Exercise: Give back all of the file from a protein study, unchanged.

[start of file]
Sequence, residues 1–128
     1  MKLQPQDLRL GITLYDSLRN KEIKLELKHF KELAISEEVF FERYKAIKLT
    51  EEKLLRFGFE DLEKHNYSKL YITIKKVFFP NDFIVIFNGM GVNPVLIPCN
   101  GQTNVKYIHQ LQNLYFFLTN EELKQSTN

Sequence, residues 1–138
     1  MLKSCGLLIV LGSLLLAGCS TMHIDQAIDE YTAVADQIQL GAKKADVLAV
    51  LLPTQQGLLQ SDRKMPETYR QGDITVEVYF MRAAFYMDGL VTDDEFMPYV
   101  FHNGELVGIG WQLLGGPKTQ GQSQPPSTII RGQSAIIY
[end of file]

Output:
Sequence, residues 1–128
     1  MKLQPQDLRL GITLYDSLRN KEIKLELKHF KELAISEEVF FERYKAIKLT
    51  EEKLLRFGFE DLEKHNYSKL YITIKKVFFP NDFIVIFNGM GVNPVLIPCN
   101  GQTNVKYIHQ LQNLYFFLTN EELKQSTN

Sequence, residues 1–138
     1  MLKSCGLLIV LGSLLLAGCS TMHIDQAIDE YTAVADQIQL GAKKADVLAV
    51  LLPTQQGLLQ SDRKMPETYR QGDITVEVYF MRAAFYMDGL VTDDEFMPYV
   101  FHNGELVGIG WQLLGGPKTQ GQSQPPSTII RGQSAIIY